Our local jail numbers have increased 500% since 1995, while our population has grown only 25%.

A. Some Factors affecting jail and prison overcrowding:

1. Too many people are in jail awaiting trial. Should people be behind bars who have not yet been found guilty in a court of law—unless they are a danger to others or are a flight risk?

2. Sentences are too long. Minimum mandatory sentencing laws limit judges’ discretion.

3. Prosecutors are often driven by a need to establish guilt in order to resolve a case, sometimes at the risk of a wrongful conviction.

4. Proven alternatives to jail (restorative justice, in home detention, etc.) are often limited by statute, by public opinion and/or by tough-on-crime politicians, prosecutors and judges.

5. Court appointed defense attorneys are underpaid, are usually less experienced and are often poorly motivated to represent indigent clients.

6. Parole was abolished in Virginia in 1995 except for those who were already incarcerated at that time, and the Parole Board last year released less than 3% of the over 3500 inmates still eligible under the old law.
Virginia’s Geriatric Release provisions, for inmates who are 60 and over and who have served at least ten years of their sentence, are underutilized. Only 11 were released in 2014.

B. Some stressful effects of incarceration on inmates, their families and on all of us:

1. Stress that results from confining people in unnatural, crowded conditions (too many people in too close quarters) and/or in solitary confinement (virtually no human contact) contribute to psychotic symptoms and behaviors. An estimated 40% of inmates already have some kind of mental illness, often accompanied by a drug or alcohol addiction. Spending time in steel cages with other distressed inmates can only make them worse.

2. Our local jail sometimes places suicidally depressed inmates in a restraint chair for “medical reasons”  (24 times during the first six months of 2015) or in the isolated padded cell (8 times during this same time period).

3. Our local jail has inmates in handcuffs and orange or striped jump suits when meeting with their families (in the totally secure visitor area separated by glass and concrete) or when they are moved to and from approved classes or other groups, unlike most jails.

4. High costs of commissary items and phone calls add stress to inmate families, along with a $1 per day fee per inmate ($3 per day for those housed at Middle River Jail), which must be paid before commissary items can be purchased.

5. When breadwinners are incarcerated (and typically lose their jobs), additional costs for social services and welfare benefits escalate, along with the $26,000 per year cost to all of us to keep someone behind bars. Getting a job after having been in prison is doubly difficult.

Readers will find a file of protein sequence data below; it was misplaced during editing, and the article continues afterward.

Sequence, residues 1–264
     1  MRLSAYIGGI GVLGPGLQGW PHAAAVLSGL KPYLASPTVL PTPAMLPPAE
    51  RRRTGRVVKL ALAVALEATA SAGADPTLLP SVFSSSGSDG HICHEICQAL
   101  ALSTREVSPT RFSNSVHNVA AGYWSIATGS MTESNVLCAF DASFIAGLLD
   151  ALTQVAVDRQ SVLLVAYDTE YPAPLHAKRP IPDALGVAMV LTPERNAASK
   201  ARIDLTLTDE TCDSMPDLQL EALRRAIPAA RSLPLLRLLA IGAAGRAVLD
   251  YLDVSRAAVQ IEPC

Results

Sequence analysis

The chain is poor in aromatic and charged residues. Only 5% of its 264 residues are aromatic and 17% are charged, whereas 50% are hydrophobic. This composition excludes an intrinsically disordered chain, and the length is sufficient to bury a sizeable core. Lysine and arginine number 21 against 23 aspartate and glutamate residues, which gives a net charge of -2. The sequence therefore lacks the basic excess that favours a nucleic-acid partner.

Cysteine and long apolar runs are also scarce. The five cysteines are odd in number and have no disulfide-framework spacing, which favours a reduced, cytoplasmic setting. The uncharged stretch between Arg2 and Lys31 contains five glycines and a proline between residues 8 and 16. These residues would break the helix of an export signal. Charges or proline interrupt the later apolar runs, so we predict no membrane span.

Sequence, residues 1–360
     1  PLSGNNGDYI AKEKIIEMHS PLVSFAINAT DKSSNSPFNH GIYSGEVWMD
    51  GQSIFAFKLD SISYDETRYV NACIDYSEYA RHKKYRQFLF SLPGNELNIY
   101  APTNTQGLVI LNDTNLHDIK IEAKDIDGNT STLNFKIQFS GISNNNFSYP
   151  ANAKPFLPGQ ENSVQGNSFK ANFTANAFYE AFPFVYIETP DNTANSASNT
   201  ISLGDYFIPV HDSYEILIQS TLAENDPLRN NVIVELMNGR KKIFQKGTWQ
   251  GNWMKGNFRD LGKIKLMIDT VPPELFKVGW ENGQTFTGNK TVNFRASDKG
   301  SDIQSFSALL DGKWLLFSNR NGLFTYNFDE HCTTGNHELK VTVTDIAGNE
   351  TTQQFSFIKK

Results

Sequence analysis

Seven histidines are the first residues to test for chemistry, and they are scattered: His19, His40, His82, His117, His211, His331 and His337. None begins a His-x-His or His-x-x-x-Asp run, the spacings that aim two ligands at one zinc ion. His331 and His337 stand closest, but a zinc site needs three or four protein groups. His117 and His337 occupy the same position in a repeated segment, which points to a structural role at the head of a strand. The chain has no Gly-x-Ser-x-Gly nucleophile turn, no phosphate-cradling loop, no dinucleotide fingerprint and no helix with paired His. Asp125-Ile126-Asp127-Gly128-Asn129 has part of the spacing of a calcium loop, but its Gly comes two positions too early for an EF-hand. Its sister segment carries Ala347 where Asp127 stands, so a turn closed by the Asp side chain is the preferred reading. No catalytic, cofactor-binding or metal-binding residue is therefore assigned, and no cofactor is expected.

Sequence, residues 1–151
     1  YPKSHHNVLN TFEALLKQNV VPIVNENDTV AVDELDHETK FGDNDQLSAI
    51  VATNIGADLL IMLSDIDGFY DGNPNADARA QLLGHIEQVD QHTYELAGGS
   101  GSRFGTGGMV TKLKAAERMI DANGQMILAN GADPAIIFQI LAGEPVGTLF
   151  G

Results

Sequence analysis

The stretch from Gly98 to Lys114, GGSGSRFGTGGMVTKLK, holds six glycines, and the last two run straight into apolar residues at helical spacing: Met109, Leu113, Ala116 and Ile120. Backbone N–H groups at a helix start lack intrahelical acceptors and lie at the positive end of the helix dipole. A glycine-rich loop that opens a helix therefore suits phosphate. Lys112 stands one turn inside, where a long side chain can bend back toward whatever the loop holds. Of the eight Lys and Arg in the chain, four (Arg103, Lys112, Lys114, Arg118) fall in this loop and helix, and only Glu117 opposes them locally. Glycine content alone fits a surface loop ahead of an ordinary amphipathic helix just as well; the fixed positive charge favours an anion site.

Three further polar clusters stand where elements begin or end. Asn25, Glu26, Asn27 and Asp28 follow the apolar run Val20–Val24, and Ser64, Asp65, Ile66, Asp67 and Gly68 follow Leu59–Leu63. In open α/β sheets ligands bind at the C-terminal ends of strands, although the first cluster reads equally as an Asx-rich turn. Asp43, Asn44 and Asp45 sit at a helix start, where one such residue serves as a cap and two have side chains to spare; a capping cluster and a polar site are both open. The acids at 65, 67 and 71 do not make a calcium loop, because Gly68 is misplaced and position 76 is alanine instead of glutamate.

C. Some much needed reforms:

1. Our Sheriff should implement policies to reduce the financial stresses incarceration creates for inmates’ families, and to make it easier, less costly, and less stressful to maintain meaningful connections. Maintaining such ties is strongly linked to reducing recidivism and creating a more successful re-entry.

2. Legislators need to engage in judicial reform based on proven practices that reduce crime, promote reform and help create healthier and safer communities.

3. Parole needs to be reinstated in ways that offer hope and encourage rehabilitation.

D. Some Action Steps 

Attend public meeting of the local Community Criminal Justice Board set for 4 pm Monday, September 21 (location to be announced).

Write letters or emails of concern to key policy makers, using email links and addresses on Harvspot or as listed below:

Governor’s new Parole Review Commission: see (see July 21,2015 post). Commission meetings are open to the public, and their nest hearing is at the Capitol building September 28. Comments or questions to the Commission should be sent to:
Virginia Parole Board see (September 1, 2014 post)

Governor McAuliffe

Members of local Community Criminal Justice Board: (December 1, 2015 post)

Harrisonburg City Council, Mayor Chris Jones

County Board of Supervisors, Chair Michael Breeden

Send emails and letters of concern to the following local candidates:

Bryan Hutcheson  (Sheriff)
April Moore  (State Senate)
Mark Obenshain  (State Senate)
Tony Wilt (House of Delegates)
Marsha Garst  (Commonwealths Attorney)
Michael Breeden  (Board of Supervisors)
Fred Eberly  (Board of Supervisors)
William Kyger, Jr.  (Board of Supervisors

If you vote in the November election but don’t support the positions of an unopposed candidate, leave that part of your ballot unmarked, or write in the name of an alternative.

Become a part of a local Court Watch group. Contact Ruth Stoltzfus-Jost for more information

Write letters and/or Christmas cards to inmates (I will post an updated list on my blog in December) (December 7, 2015 post)  (use a P. O. Box number if you’d rather not disclose your home address).

Promote and attend the October 20 visit of Former Attorney General Mark Earley, past CEO of Chuck Colsen’s Prison Fellowship, who will speak at EMU’s Martin Chapel at 7 pm on “Why America is incarcerating so many people, and what we can do about it”.

Become a mentor to inmates returning to the community following imprisonment.